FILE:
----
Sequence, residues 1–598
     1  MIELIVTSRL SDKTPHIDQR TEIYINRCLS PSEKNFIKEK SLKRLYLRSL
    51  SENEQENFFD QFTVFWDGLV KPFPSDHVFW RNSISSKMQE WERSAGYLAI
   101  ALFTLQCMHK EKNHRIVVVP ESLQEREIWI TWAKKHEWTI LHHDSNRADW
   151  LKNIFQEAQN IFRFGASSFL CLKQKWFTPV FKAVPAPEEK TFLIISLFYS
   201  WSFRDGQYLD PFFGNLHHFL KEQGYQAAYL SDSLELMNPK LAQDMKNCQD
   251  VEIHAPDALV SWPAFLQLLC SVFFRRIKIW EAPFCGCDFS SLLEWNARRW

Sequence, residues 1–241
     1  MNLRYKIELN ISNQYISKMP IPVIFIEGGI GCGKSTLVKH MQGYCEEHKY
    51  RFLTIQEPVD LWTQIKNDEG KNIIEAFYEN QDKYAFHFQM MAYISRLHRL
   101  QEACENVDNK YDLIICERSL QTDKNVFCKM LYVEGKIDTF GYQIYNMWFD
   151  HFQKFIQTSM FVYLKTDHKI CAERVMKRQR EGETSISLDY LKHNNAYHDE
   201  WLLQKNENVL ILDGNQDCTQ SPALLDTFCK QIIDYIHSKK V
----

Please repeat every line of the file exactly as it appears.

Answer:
Sequence, residues 1–598
     1  MIELIVTSRL SDKTPHIDQR TEIYINRCLS PSEKNFIKEK SLKRLYLRSL
    51  SENEQENFFD QFTVFWDGLV KPFPSDHVFW RNSISSKMQE WERSAGYLAI
   101  ALFTLQCMHK EKNHRIVVVP ESLQEREIWI TWAKKHEWTI LHHDSNRADW
   151  LKNIFQEAQN IFRFGASSFL CLKQKWFTPV FKAVPAPEEK TFLIISLFYS
   201  WSFRDGQYLD PFFGNLHHFL KEQGYQAAYL SDSLELMNPK LAQDMKNCQD
   251  VEIHAPDALV SWPAFLQLLC SVFFRRIKIW EAPFCGCDFS SLLEWNARRW

Sequence, residues 1–241
     1  MNLRYKIELN ISNQYISKMP IPVIFIEGGI GCGKSTLVKH MQGYCEEHKY
    51  RFLTIQEPVD LWTQIKNDEG KNIIEAFYEN QDKYAFHFQM MAYISRLHRL
   101  QEACENVDNK YDLIICERSL QTDKNVFCKM LYVEGKIDTF GYQIYNMWFD
   151  HFQKFIQTSM FVYLKTDHKI CAERVMKRQR EGETSISLDY LKHNNAYHDE
   201  WLLQKNENVL ILDGNQDCTQ SPALLDTFCK QIIDYIHSKK V